Chairman Crapo, Ranking Member Brown and distinguished senators of the Committee, thank you for the opportunity to testify before you today. I am pleased that the Committee is holding this hearing to bring greater focus to the important issues that cryptocurrencies, initial coin offerings (ICOs) and related products and activities present for American investors and our markets.
I am also pleased to join my counterpart, Commodity Futures Trading Commission (CFTC) Chairman Christopher Giancarlo, for our second time testifying together before Congress. Since I joined the Commission in May, Chairman Giancarlo and I have built a strong relationship. Cryptocurrencies, ICOs … Read more
Thank you for that warm welcome. I am delighted to join you today by videoconference. I know Meredith [Cross] has prepared questions. I look forward to answering those, as well as questions from this distinguished audience. When I was teaching at UPenn law school, the best classes were the ones where students asked difficult, but informed, questions. With Meredith and this audience, I know that I am in for a treat.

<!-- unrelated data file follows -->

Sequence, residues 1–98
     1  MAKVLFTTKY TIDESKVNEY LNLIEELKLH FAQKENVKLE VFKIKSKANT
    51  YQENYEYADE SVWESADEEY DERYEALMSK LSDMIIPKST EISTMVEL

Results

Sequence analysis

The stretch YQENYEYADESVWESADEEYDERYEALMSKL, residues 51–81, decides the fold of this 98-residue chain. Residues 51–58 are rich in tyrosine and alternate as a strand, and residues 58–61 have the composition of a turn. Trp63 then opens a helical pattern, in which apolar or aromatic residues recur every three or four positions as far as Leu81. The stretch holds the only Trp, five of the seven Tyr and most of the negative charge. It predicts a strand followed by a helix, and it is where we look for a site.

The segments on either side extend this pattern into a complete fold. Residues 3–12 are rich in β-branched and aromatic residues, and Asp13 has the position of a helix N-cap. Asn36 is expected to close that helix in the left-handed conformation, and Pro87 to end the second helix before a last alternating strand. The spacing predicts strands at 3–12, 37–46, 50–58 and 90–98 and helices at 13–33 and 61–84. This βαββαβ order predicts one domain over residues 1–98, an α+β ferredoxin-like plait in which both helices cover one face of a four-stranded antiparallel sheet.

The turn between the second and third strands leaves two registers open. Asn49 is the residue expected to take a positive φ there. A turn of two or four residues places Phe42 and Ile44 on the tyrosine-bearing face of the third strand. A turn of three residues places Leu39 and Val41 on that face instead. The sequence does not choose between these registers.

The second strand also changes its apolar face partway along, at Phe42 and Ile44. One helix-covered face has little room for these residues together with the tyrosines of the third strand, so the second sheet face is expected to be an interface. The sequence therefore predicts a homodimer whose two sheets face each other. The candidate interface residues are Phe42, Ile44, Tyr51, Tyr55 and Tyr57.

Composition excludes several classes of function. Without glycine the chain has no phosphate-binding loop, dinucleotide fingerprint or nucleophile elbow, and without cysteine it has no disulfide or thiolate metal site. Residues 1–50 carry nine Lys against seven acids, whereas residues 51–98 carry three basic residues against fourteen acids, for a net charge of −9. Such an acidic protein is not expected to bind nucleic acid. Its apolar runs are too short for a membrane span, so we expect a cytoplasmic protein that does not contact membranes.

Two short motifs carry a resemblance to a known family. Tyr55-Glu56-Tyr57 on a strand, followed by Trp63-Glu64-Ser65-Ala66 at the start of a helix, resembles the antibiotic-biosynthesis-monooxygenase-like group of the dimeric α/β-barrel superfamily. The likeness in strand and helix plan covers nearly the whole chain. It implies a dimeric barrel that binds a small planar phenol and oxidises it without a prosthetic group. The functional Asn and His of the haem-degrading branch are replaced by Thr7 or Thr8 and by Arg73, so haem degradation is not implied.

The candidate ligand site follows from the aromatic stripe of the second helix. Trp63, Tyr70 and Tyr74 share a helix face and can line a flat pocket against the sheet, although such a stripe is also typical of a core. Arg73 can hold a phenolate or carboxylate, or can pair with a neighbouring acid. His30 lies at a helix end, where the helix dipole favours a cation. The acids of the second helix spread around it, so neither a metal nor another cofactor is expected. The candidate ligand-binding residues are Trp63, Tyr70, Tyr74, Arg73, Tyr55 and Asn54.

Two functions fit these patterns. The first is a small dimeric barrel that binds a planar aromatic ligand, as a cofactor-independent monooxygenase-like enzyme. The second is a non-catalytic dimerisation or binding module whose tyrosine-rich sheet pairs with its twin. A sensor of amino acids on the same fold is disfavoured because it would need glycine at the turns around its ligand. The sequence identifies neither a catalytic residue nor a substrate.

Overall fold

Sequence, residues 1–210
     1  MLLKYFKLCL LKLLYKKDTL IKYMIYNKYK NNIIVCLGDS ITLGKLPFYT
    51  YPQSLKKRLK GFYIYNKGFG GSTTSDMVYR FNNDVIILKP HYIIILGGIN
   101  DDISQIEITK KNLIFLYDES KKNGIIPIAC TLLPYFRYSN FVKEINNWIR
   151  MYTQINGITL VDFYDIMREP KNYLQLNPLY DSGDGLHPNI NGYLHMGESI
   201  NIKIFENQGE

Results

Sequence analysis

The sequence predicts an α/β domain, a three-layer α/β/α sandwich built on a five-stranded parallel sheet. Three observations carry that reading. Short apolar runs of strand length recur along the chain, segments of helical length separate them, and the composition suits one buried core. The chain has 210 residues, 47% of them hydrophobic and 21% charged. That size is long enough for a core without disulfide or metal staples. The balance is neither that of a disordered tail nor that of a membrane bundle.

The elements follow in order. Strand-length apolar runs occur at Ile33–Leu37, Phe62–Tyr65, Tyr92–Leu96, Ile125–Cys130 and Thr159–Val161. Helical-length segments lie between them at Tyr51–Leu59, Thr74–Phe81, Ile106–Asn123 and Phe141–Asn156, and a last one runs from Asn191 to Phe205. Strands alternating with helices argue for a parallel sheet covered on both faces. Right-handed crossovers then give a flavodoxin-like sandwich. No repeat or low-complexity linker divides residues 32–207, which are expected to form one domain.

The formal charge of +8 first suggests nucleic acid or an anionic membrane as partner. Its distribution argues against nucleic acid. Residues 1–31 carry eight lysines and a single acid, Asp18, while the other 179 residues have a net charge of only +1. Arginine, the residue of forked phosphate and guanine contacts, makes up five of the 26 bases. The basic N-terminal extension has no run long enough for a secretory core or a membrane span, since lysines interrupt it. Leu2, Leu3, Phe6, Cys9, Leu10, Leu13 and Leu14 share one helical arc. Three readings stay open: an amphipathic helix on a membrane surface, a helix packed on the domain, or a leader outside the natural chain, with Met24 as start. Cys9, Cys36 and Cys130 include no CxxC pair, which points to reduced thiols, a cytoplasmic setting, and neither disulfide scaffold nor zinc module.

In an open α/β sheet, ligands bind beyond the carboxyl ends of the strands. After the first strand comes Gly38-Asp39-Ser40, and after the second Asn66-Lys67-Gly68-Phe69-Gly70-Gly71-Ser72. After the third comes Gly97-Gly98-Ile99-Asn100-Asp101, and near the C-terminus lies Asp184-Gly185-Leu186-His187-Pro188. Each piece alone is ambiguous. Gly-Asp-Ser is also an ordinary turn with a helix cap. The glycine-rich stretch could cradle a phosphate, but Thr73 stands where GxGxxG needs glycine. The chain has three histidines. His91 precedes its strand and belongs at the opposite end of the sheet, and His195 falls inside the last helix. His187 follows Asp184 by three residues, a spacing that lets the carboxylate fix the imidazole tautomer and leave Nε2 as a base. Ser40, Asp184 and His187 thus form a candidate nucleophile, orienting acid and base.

Before we get to the question and answer session, I want to take a few moments to highlight two issues: (1) my expectations for market professionals, particularly when
I hope that everyone had a very nice weekend and enjoyed the holiday on which we commemorate the life and contributions of Dr. Martin Luther King, Jr.
I note that this August will be the 55th anniversary of Dr. King’s “I Have A Dream” speech here in Washington and April will be the 50th anniversary of his death at age 39.